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ratsun81:

 

NZTA have a calculator for that. 

 

https://www.transport.govt.nz/assets/Uploads/Our-Work/Documents/petrol-vs-diesel-calculator-2018.xls

 

From what ive seen the price is quite close depending on economy, but of course each use case is different. 

 

My experience with Diesels is that the diesel can be driven harder and get close to its rated fuel consumption figures, whereas the petrol equivalent has to be babied along to get close to its quoted fuel consumption figures.

 

 

 

 

Yeah that's the calculator I've been using to help with choosing my next car. Has it been updated for the new RUC amounts?


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  Reply # 2121256 7-Nov-2018 08:47
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Definitely check resale values. The diesel will easily sell for more than the petrol version.

And also consider that there will be a lot more EVs available (both new and secondhand) when you will be selling. Which your Santa Fe will be competing against. Long distance towing is an application which won't see a suitable EV option appear for awhile. But you can already buy EVs today that are suitable for around town driving and longer trips that don't involve towing.

The petrol engine will probably be a direct injection engine. Meaning that the maintenance costs will be similar to a diesel engine.

Also consider a scenario where petrol vehicles have to pay RUC. This will have to happen eventually. Otherwise EVs will end up paying more road tax than petrol hybrids when the RUC exemption for electric vehicles ends.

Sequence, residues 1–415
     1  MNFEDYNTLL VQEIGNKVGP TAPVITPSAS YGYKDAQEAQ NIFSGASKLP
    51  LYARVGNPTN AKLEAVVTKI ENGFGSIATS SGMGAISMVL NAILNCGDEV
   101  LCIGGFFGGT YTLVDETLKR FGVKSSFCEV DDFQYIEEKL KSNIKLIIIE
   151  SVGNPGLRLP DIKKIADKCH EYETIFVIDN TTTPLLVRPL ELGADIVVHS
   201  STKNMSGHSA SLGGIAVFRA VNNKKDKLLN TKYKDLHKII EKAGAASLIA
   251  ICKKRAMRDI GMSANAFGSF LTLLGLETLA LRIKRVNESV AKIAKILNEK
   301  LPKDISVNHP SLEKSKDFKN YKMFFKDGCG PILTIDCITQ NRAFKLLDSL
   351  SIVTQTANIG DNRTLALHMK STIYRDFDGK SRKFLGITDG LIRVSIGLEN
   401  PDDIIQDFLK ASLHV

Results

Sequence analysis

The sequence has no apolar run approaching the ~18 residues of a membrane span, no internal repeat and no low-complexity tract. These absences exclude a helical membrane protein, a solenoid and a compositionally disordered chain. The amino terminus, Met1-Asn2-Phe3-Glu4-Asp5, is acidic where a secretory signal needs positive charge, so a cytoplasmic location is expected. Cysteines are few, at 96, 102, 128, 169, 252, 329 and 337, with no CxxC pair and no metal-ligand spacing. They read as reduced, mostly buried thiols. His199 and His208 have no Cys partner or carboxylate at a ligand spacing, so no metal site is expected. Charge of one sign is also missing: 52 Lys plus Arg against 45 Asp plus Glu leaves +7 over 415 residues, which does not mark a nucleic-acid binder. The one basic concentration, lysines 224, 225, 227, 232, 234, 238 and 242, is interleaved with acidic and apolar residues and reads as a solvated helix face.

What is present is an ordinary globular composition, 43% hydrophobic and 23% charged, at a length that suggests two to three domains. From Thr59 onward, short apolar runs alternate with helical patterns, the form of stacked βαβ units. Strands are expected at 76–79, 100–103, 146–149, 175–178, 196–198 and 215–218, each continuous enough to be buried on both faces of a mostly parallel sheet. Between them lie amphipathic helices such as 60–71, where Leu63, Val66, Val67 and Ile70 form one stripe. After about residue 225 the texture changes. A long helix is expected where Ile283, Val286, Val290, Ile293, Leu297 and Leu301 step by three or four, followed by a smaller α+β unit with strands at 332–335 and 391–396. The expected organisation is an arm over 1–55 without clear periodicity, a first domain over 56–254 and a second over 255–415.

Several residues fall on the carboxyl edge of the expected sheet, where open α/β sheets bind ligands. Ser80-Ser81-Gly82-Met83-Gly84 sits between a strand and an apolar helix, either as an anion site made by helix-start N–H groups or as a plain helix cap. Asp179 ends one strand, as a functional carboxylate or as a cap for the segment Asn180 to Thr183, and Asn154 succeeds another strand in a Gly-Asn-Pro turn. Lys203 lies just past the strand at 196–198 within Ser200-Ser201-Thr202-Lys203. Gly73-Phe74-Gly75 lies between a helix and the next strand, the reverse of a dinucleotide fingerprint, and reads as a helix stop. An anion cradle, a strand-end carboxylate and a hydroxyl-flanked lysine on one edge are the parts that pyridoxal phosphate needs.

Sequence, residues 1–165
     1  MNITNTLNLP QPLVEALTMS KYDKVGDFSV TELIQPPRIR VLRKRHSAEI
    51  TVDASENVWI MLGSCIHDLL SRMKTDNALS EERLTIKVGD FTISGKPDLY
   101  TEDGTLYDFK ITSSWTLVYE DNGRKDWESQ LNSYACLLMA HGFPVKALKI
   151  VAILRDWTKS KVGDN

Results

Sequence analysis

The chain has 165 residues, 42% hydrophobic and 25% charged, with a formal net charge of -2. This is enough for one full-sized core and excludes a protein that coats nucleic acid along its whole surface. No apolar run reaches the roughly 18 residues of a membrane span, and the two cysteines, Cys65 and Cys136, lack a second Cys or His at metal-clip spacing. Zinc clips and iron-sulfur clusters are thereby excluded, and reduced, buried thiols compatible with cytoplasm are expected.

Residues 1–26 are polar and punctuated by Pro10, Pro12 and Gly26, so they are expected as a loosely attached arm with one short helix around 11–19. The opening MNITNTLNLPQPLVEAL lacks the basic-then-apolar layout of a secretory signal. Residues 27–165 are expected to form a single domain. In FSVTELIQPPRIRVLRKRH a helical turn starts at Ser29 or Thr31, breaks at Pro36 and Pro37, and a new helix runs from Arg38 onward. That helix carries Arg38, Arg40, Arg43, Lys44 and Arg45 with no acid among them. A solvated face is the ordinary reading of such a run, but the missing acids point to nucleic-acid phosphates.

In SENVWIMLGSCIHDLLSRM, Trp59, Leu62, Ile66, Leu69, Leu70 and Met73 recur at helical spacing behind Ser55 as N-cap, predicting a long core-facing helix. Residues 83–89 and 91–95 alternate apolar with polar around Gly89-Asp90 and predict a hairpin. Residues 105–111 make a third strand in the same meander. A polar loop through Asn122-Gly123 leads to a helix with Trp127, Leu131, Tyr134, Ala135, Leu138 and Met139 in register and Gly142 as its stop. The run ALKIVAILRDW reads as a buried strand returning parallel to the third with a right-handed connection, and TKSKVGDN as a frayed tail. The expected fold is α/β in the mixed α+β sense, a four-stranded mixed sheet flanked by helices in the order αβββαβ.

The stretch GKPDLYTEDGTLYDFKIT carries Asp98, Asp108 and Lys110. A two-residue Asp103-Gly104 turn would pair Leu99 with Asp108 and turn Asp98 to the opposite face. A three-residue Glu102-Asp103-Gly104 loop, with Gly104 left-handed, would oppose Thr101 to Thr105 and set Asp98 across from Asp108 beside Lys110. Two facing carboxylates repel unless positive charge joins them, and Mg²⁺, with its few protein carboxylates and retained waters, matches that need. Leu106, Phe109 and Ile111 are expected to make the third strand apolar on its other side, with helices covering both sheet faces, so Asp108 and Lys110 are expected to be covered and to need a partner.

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Master Geek
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  Reply # 2121352 7-Nov-2018 10:16
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mudguard:

 

ratsun81:

 

NZTA have a calculator for that. 

 

https://www.transport.govt.nz/assets/Uploads/Our-Work/Documents/petrol-vs-diesel-calculator-2018.xls

 

From what ive seen the price is quite close depending on economy, but of course each use case is different. 

 

My experience with Diesels is that the diesel can be driven harder and get close to its rated fuel consumption figures, whereas the petrol equivalent has to be babied along to get close to its quoted fuel consumption figures.

 

 

 

 

Yeah that's the calculator I've been using to help with choosing my next car. Has it been updated for the new RUC amounts?

 

 

I wasn't aware that RUC had increased, Im not sure if the calculator has been updated with the new pricing....